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A.I. Gone for Good?

AP Photo / Matt SlocumPhiladelphia 76ers President and General Manager Ed Stefanski announced Tuesday that Allen Iverson would not return to the team for the remainder of the season.  Iverson had not played for much of the last month, spending time in Atlanta with his family and four-year-old daughter, who has an undisclosed illness.

This is not the first time that Iverson has left a team for personal reasons, but it's the first time those reasons are legitimately beyond his own interest.  I certainly don't hold it against him for needing to be there for his family, but the larger question is, why was he even still in the league? 

There was no question that Iverson's best days as a ballplayer were behind him.  He couldn't make it work with Denver or Detroit, and who knows why he strung along the poor Memphis Grizzlies for 3 days this year, when every analyst knew his best fit would have been with the Charlotte Bobcats.


If family matters were the reason he left the Grizzlies, as it seems they were, why did he come back to play in Philadelphia?  It makes sense in one respect, because the people of Philadelphia have always held a spot in their heart for the franchise player, and number 3 jerseys are still a common sight at the Wachovia Center.  He was even voted to be an Eastern Conference starter in the All Star Game, though did not play.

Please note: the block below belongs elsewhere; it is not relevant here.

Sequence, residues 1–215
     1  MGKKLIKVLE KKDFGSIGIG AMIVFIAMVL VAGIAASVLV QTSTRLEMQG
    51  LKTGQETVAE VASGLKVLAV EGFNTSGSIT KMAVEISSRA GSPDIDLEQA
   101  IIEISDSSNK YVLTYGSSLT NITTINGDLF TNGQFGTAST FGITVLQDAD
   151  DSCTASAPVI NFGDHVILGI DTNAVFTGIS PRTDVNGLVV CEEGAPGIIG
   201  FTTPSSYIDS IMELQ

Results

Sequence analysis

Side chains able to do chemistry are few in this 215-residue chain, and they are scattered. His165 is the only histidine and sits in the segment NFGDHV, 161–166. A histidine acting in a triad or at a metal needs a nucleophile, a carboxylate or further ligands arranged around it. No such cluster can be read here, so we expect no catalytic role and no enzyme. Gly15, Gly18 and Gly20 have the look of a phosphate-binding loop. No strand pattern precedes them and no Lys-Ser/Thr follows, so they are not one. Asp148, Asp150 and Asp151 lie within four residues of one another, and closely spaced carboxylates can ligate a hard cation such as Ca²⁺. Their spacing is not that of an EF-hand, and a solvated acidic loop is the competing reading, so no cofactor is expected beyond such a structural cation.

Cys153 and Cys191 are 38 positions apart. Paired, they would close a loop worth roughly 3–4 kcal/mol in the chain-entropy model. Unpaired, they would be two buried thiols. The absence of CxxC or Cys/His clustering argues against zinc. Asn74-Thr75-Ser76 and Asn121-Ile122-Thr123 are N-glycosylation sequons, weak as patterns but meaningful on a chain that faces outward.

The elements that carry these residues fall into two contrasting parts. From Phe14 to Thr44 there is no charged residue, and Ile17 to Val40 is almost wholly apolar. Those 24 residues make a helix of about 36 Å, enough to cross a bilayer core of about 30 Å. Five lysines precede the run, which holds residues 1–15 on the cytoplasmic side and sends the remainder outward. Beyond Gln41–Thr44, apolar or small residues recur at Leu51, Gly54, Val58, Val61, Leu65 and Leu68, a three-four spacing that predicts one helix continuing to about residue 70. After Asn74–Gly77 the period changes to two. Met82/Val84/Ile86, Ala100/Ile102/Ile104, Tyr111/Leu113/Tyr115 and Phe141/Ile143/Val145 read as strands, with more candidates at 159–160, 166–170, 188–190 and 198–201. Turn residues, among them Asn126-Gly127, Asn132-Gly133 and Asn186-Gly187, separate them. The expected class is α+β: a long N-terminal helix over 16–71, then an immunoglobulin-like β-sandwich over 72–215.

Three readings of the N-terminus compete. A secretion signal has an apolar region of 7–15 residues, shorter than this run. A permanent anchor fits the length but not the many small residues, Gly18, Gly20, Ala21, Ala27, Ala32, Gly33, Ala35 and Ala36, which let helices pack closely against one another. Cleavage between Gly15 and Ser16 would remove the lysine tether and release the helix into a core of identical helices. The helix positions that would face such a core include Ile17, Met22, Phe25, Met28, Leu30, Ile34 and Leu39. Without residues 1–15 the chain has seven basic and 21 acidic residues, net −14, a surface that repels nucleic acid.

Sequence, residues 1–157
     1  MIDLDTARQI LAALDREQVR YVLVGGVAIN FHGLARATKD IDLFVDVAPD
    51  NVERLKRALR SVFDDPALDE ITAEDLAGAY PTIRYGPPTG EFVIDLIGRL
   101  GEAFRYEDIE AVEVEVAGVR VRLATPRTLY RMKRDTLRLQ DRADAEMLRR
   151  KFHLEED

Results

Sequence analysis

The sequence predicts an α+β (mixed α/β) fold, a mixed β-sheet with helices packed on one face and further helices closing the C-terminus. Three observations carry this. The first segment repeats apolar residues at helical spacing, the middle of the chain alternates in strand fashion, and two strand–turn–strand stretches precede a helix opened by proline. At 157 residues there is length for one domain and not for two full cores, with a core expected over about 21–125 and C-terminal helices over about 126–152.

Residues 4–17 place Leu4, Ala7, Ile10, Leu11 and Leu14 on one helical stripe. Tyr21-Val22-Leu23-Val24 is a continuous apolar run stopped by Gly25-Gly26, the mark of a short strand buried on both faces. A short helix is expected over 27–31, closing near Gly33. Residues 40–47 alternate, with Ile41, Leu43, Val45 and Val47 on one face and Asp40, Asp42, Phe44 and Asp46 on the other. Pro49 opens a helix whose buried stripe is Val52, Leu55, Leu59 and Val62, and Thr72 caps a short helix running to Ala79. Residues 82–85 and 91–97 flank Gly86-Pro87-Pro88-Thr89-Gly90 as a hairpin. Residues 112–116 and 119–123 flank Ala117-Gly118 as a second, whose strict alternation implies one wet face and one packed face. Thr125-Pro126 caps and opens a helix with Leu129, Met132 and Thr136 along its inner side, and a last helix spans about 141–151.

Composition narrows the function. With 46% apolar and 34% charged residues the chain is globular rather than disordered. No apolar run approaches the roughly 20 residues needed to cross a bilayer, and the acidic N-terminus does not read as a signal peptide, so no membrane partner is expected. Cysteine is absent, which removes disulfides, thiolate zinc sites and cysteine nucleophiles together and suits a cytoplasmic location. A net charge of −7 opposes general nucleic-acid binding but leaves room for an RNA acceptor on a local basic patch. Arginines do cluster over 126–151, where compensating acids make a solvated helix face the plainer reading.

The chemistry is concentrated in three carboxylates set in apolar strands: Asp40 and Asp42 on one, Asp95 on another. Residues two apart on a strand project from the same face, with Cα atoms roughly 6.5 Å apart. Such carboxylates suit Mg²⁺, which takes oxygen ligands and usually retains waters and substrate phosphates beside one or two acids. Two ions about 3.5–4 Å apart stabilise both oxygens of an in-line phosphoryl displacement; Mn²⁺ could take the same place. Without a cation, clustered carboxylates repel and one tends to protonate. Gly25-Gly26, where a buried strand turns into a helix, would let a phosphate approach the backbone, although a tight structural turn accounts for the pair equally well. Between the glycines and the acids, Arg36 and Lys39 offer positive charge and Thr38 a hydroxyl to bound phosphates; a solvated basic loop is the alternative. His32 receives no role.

Regardless of the contract juggling and city hopping, did Iverson's skills help any of these teams?  The 76ers have been awful with or without him, yet center Samuel Dalembert said, "He was being a leader.  He was different." 

That was the leading problem with Iverson the past several years, not just his dwindling speed or arthritic knee, but his unwillingness to relinquish a starting spot and accept a role as a bench player.  We may never know whether that attitude was starting to change, but if he has played his last game, he did it on his terms. 

So what is Allen Iverson's NBA legacy?  He started as Rookie of the Year in 1997, is an 11-time All-Star, named MVP in 2001, the year he led the 76ers to the Finals, and is sixth all-time in scoring average. 

Do we take away his once-brilliant skills, his fiery passion, his unwillingness to compromise?  For me it's all of that and more, because there's no doubt he was a star, and it would be more than fitting if his career ended in the city that he loved, that has always loved him. 

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